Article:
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Ben
10-27-2001, 02:12 AM
Back when I was in high school a friend of mine begged our French teacher (a very proper NZ lady) to tell him some swear words in French. She then told him a phrase which he gleefully repeated forever after. The phrase in question was pronounced like this:

Fashay twa, poofkot!

(This is rendered phonetically as best I can, because I never saw it spelled. The "twa" is, I'm assuming, "toi.")

What did this phrase mean in English?

-Ben

Mudshark
10-27-2001, 03:02 AM
Fashay is most likely Vas-y which means go away.

GIGObuster
10-27-2001, 03:10 AM
Not good at French but all the WAGs are coming from the Alternative French Dictionary and insults.net:

Fashay twa:
"baise-toi = f*ck you."

As for poofkot! It could be:

"bouffon = assh*le."
Or:
"pousse-crotte (masc. noun) = push-sh*t homosexual - for men only."
Or:
"putain
+ whore, tart, hooker Also used as an insult towards a woman.
++ bitch, cow, etc Derogatory term for a woman.
++ bloody hell!, f*cking hell! As an interjection."
Or:
"trou du cul (abrev : trou duc')
+ assh*le Is said for a (male) person you consider as ridiculous or stupid. Handle with care !"


While the first words are obvious, we need somebody with more experience to find out for sure about the rest. Or maybe not...

All the quotes are coming from the references.

jovan
10-27-2001, 05:49 AM
Here are my guesses. I speak as someone who has actual experience in insulting people in French.

Fashay twa: This could be "va chez-toi" which means go home, but without being overly polite it's too nice to be considered an insult. A better guess could be "Va chier, toi" or "go take a shit, you." "Va chier" is a common way to tell people to f*** off, but here the final "toi" is kind of out of place gramatically speaking.

poofkot I'm almost certain that this is "pauvre con", as it is one of the most common French insults. Roughly, it means "poor fool" but "con", the quintessential French insult, is a lot stronger than "fool". For the etymologically-enclined, "con" is derived from the same root as the English "cunt" and is often used in that meaning in pre-WWI erotica.

GIGObuster mentioned a few other possibilities but I think they're unlikely.

"Baise-toi" sounds like a litteral translation from English, I've rarely, if ever, heard it.

"Bouffon" is kind of weak, like the English "buffoon".

"Pousse-crotte" is good, but seldom used. In a French Cursing for Foreign-Language Speakers class, I'd place it in the intermediate to advanced course.

"Putain" is another quintessential French swear word, but phonetically, it doesn't fit nicely with Ben's sentence.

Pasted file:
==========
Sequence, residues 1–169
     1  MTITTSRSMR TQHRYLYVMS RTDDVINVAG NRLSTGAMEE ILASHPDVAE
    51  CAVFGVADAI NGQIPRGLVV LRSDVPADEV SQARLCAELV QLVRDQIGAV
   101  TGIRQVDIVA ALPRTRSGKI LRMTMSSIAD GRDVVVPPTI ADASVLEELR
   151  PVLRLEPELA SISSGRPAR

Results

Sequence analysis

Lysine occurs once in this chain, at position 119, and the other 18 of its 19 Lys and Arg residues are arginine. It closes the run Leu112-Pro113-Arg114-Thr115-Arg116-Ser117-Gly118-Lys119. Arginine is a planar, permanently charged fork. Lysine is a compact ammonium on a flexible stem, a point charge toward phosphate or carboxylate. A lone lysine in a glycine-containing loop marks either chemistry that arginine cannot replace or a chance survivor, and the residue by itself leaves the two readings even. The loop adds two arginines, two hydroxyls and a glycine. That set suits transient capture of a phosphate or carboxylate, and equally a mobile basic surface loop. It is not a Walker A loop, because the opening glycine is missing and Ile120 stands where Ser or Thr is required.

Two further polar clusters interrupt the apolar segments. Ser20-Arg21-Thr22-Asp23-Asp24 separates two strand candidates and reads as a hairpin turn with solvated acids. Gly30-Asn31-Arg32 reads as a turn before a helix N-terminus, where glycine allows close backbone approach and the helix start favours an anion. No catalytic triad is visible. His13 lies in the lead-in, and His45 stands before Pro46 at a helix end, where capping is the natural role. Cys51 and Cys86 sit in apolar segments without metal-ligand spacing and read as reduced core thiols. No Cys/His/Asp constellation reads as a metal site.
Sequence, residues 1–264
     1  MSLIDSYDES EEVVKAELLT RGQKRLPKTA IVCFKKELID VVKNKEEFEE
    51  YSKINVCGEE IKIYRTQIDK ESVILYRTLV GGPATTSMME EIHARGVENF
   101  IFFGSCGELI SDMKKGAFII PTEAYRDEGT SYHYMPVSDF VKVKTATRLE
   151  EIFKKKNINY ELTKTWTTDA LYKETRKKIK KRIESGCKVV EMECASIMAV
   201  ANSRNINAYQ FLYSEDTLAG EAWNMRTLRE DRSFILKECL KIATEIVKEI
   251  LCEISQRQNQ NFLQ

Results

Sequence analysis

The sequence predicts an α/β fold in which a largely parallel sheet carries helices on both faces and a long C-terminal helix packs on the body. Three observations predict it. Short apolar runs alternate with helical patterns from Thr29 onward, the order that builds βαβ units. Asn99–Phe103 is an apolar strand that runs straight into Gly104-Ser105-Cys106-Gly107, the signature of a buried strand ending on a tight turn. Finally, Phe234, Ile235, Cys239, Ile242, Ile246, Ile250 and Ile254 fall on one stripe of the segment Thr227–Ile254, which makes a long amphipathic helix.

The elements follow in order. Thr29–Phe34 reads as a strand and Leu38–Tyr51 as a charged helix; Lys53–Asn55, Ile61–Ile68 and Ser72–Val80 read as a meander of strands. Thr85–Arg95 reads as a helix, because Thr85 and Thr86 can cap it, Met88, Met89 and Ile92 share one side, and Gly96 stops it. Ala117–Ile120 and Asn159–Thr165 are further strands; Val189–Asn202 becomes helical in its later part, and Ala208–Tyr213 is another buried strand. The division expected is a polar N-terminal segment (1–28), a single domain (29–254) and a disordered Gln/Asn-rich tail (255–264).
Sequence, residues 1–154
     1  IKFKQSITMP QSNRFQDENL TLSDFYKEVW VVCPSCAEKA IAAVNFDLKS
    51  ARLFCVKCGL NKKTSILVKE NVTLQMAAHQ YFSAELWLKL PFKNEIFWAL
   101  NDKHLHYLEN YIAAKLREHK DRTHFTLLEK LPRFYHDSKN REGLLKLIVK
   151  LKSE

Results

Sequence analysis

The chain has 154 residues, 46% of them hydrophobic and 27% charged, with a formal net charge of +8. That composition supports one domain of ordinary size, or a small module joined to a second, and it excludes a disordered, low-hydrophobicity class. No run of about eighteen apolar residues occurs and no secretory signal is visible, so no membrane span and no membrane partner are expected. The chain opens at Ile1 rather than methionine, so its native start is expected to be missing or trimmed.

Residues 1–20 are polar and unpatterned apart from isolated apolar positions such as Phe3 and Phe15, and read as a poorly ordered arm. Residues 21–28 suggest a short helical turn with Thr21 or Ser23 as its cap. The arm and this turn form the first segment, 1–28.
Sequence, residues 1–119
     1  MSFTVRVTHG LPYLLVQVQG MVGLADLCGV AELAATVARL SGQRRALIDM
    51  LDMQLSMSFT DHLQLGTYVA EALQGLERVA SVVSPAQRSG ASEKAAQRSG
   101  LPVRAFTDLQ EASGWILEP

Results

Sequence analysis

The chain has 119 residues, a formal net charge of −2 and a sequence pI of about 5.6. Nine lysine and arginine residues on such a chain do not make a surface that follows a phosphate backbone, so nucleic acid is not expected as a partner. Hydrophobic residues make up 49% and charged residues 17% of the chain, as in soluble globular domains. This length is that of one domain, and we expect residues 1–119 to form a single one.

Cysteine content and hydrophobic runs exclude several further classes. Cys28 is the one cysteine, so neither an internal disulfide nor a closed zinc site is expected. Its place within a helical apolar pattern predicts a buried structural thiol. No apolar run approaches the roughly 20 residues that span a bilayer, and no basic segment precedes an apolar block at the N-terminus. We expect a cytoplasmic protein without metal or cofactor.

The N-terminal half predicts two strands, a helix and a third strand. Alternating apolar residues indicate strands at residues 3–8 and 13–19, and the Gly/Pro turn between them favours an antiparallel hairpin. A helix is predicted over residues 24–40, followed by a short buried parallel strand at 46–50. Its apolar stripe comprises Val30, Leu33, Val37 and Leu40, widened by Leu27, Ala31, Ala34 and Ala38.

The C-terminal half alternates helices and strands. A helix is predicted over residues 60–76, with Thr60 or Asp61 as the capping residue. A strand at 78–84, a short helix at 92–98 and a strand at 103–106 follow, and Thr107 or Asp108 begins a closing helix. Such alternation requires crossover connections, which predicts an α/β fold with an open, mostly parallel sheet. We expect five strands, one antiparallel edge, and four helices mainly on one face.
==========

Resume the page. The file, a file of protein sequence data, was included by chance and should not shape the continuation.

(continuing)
"Trou du cul" is also very common, but again, it's a long way from "trou duc'" to "poofkot".

French is such a great language when it comes to cursing. In my opinion, one of the best aspects of French cussing is that it's very easy, with a little imagination, to create new insults. So really, the possibilities are almost endless. (If you're really confident in your level of French proficiency I suggest almost anything by San Antonio for good examples of made-up cussing. He is the master of the art.)

BTW, it could be that your teacher was simply giving you nonsense. Japanese kids would often ask me for bad words in English. I usually taught them really mild ones, like "fool" because I knew they would repeat them over and over again. How puritan of me! :cool:

Ben
10-27-2001, 07:52 PM
Actually, I'm assuming the insult was something mild, like, "Leave me alone, annoying fellow!" My friend didn't know what it meant, but assumed it was on the level of "go felch a goat, goat felcher!"

I think "va chez toi" is almost certainly the "fashay twa."

-Ben

MoodIndigo1
10-27-2001, 09:11 PM
I agree with jovan's very thorough analysis :), but I think that it is likely that the "pofkot" meaning "pauvre conne", the feminine form, feminine forms often considered somehow more insulting.
If the woman were really such a proper lady (ahem, like myself, for instance), she may well have given the young man a very mild insult. (Speaking as a teacher who once convinced a class of remedial Franšais that "Zut de flute" was an unspeakable expletive). By the way, I ran into a former student from that class recently at a movie opening. He said hello, couldn't remember my name, but he said "zut de flute" and laughed. He is now a talent scout. Something to do with movies. Goes to show something.

Collounsbury
10-27-2001, 10:31 PM
Originally posted by GIGObuster
"baise-toi = f*ck you."


No, baiser means to fuck as in to have sex. It is not the equivalent of fuck as used in English. That would be Foutre, as in Tu va te faire foutre stupide sale espece de merde. I'm not sure how I might translate baise-toi but I can't recall ever hearing it either.